I Dream of IoT/Chapter 1 : IoT and Automation

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The Internet of Things is a very popular phenomena nowadays. Can you imagine how the world will be in the next five to 10 years with the development of this internet technology? It will become increasingly difficult for a human to control all the things by only using manual energy. It will be difficult to control and interface everything to improve systems and reduce waste. Additionally, the number of things connected to the internet exceeded the number of people on Earth, and that is still less than one percent of all the physical things in the world today. Of course, the cost of technology development will also increase. However, IoT and automation have the potential to overcome all these problems.[1]

For example, in the scope of business, mobile technologies and the Internet of Things will improve the interconnections in a company’s systems. Internet of Things will help the employees work more efficiently, improve operations and increase customer satisfaction. In many cases, a business or consumer will also be able to remotely control a device. For example, a business can remotely turn on or shut down a specific piece of equipment or adjust the temperature in a climate-controlled environment.

Meanwhile, in the everyday world, IoT and automation will improve human safety. For example, people may leave their home for a long time but forget to lock the door. With IoT automation, people can control the systems of their home with their mobile devices. Another example: when people go to the supermarket to buy groceries. With the information from their mobile device, people will be able to track and count everything while greatly reducing the total time and cost. And as computers and sensors with wireless capability become cheaper, it will become more affordable and practical to connect more things to the internet.[2][3]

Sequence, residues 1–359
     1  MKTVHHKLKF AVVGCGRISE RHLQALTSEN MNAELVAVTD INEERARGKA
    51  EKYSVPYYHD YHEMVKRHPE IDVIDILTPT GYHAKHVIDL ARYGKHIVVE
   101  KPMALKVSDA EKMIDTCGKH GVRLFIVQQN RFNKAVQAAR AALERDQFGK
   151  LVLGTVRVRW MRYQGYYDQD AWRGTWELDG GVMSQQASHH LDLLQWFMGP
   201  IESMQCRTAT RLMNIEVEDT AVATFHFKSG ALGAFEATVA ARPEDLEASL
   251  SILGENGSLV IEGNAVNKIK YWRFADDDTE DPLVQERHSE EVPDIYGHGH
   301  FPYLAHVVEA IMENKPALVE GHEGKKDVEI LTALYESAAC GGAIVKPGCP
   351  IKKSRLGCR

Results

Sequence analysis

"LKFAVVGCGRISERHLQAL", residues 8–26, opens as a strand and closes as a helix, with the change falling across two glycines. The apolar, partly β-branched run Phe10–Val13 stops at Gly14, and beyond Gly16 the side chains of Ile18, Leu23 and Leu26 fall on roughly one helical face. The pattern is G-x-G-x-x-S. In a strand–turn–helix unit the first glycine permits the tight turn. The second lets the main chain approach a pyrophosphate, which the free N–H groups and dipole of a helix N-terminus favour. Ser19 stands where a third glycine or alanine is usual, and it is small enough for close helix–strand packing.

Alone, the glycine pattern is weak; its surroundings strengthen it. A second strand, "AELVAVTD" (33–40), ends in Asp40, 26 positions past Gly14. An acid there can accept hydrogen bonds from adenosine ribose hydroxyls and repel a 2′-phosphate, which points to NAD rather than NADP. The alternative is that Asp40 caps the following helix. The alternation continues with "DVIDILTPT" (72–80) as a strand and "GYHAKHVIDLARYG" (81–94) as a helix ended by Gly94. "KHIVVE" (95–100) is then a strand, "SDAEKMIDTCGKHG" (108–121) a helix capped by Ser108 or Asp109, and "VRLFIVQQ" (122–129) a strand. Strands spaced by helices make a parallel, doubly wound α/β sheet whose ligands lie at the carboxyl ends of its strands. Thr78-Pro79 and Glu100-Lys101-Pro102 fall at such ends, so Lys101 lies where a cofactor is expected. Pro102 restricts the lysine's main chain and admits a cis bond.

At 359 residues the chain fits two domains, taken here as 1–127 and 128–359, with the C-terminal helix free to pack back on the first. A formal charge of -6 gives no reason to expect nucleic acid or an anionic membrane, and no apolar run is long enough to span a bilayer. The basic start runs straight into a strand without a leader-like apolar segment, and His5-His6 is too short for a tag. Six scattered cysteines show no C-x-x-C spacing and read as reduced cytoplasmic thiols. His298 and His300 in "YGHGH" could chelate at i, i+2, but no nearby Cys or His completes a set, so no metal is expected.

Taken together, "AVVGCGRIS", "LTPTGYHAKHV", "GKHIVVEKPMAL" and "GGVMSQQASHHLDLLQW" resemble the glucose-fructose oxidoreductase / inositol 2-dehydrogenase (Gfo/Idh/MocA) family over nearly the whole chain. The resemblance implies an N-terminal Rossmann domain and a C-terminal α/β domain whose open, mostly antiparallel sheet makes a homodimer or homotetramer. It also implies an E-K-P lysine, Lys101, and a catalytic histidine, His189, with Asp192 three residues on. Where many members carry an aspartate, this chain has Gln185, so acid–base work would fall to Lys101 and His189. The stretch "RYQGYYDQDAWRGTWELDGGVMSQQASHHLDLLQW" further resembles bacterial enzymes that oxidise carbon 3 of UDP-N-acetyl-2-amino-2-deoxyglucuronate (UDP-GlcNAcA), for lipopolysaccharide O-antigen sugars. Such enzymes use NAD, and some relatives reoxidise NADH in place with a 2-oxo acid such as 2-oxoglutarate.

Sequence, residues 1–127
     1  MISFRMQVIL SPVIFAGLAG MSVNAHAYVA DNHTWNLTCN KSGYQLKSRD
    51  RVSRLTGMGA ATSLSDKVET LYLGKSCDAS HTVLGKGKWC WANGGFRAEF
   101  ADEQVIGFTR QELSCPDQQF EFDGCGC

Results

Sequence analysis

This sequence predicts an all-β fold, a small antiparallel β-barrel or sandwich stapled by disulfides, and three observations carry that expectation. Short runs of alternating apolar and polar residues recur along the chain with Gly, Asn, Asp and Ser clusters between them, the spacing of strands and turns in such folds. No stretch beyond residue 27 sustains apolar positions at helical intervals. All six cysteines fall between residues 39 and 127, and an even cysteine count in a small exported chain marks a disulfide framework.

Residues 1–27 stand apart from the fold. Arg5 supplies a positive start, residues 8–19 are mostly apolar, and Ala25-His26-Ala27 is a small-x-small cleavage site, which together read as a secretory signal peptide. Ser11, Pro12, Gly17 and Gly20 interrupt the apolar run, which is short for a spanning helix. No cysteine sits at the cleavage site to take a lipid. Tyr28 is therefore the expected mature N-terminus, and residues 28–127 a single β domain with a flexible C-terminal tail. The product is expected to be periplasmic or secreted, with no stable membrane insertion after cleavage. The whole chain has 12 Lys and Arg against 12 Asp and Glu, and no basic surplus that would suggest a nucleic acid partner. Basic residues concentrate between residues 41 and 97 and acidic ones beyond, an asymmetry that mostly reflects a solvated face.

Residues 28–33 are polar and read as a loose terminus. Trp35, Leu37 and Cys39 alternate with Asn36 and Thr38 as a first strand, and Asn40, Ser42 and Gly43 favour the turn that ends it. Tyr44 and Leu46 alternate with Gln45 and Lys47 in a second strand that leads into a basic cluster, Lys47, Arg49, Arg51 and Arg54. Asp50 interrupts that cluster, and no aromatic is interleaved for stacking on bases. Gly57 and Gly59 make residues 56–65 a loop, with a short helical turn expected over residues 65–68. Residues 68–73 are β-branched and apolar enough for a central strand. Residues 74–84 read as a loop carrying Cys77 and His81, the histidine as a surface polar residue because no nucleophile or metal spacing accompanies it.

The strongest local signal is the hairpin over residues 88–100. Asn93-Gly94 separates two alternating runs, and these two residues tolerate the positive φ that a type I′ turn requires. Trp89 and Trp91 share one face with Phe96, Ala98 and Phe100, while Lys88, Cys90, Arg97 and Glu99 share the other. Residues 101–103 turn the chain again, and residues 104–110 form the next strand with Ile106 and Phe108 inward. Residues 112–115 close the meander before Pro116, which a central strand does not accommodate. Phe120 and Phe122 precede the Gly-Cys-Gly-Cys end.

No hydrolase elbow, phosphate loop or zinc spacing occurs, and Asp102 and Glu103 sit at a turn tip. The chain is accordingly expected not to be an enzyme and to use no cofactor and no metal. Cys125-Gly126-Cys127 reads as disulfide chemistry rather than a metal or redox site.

What is IoT and automation?

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Small changes can make a big impact. It starts by building on the infrastructure that people already have in place, using devices and services in new ways. Reduce machine downtime and improve efficiency with predictive maintenance. Gain better control over global operations through real-time remote monitoring of geographically dispersed assets. Delight people with smart, connected products and drive revenue growth by offering value-added services on products. In some cases it can be defined in a way similar to machine-to-machine (M2M) communication, while in others it’s better defined as business intelligence. The Internet of Things and automation is essentially described, however, as having everything imaginable connected to a network so that information from all these connected "things" can be stored, transferred, analyzed and acted upon in new and usually automated ways. For example, if you have a system that’s supposed to run in a range from X to Y, you can put in a temperature sensor connected to a fiber-optic network to create an actionable warning before the system operates out of spec.[4]

Possible implementations of IoT and automation

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These days, embedding a sensor to an object, giving it the ability to communicate, is becoming more popular among many industries. Growth in building automation systems brings Internet of Thing into the realm of facilities management. Systems that control such building functions as heating, ventilation and air conditioning, security, refrigeration and lighting have historically operated as standalone entities. For the most part these functions have occupied a propriety niche, separated from mainstream IT systems and standards. Yet there are many industries — such as the automobile industry — that implement automation as a component of their manufacturing efforts.